read comments (1) -
add a comment
| [September 24, 2009 05:48:31 PM]
| My latest experience with the game Grand Thief Auto is from the perspective of race. The way my avatar character J.C. is portrayed and how he interacts with the environment makes me wonder why minorities in the game are portrayed so violent. It almost seems that every character that is a black male in the game is violent. But what is more disturbing are the activity choices that the characters participate in on a continual bases, and how the game allies with the media stereotype portrayal of black males who live in economically deprived neighborhoods. |
The game suggests that the main activities of most of the people who live in poor neighborhoods are violent criminal acts. There is little evidence of what happens on day to day bases in a real economically deprived neighborhood .or the choices that the people who live there make. The only culture that is shown in the game is the negative criminal culture.
To portray an ethnic group in this way is very racist. Choosing a negative activity that takes place in a poor environment and emphasizing it through suggestive isolation perpetuates a negative stereotype of that ethnic group. The game suggests that the main life style choice for black males in poor neighborhoods is to be very violent, and criminal.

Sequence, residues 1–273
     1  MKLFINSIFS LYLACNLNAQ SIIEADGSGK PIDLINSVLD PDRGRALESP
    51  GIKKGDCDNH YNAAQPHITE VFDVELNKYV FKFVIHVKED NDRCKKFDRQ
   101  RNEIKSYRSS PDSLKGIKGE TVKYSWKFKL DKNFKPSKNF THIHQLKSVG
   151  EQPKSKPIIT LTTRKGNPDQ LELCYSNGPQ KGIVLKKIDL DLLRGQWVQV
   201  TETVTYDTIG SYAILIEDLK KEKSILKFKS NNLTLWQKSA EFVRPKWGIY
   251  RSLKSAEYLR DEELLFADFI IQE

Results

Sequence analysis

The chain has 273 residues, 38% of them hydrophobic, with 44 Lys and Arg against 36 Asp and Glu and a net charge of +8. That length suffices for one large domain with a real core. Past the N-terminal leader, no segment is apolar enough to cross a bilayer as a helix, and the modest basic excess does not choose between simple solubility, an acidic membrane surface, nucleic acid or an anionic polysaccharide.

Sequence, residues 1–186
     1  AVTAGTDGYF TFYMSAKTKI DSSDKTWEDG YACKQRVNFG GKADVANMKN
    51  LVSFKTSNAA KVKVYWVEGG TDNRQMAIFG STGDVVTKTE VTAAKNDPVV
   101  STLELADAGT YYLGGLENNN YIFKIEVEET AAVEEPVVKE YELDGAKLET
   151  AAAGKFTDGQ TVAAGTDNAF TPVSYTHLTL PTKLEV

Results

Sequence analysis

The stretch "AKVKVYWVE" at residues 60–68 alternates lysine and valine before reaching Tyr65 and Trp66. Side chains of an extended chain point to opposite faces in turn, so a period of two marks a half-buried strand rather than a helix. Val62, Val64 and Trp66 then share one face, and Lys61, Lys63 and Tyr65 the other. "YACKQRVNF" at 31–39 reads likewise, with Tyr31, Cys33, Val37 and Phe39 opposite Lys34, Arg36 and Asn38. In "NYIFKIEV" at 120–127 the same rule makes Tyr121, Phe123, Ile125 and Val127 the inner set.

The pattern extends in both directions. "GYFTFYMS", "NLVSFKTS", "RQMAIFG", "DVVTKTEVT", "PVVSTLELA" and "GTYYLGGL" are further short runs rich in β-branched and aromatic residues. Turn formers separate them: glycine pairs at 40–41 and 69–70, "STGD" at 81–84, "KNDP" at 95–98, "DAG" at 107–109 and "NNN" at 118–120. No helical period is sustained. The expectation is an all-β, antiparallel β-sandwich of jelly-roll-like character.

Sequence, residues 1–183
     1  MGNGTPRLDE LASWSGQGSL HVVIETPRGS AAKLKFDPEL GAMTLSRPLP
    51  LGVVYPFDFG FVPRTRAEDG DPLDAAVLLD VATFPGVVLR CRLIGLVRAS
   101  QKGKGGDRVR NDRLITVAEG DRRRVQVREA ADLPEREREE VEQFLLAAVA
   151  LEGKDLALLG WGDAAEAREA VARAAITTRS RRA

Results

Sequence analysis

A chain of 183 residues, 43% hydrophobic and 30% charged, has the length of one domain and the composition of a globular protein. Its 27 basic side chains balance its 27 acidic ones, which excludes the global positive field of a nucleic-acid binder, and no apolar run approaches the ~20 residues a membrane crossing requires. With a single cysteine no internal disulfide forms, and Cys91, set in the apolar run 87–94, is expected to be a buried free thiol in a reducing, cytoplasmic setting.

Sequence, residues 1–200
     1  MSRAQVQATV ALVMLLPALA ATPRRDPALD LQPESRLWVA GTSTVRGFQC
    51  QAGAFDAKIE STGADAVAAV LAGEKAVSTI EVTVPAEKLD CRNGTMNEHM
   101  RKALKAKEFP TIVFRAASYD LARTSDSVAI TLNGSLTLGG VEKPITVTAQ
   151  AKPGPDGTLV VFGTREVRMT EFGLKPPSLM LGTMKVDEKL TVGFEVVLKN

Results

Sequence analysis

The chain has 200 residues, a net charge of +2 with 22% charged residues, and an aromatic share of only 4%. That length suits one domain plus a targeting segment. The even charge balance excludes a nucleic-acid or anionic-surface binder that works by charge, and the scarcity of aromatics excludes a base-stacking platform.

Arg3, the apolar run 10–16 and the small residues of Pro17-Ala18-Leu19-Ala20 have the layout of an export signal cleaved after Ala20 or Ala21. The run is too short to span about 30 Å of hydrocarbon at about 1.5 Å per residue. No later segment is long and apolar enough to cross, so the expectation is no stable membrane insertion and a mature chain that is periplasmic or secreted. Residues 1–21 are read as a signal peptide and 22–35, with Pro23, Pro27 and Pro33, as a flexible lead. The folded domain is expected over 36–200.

The game also suggests that the violence that takes place in these environments, takes place so frequently that there is no resistance from the honest people that live there and there is no reaction to the violence that takes place. The honest people in the game calmly drive through the war zones and get robbed of their possessions without any complaint. The game makes it seem like J.C. or his homies and rivals has no fear of getting caught, and that they have no real need to take precautions, except to arm themselves with weapons. Anyone who has really lived in an area like this knows the gangster is the most afraid person in the neighborhood; he trusts no one!
add a comment
| [September 24, 2009 05:48:03 PM]
| My first half hour of play was very reckless; it was like learning to ride a bike and drive a car all over again. There was a thrill attached to being able to run over people and kill them without being held morally responsible for your actions. There also seem to be a very quick conditioning that takes place that causes you to lose your value and respect for the lives of the people that you encounter during the game play.|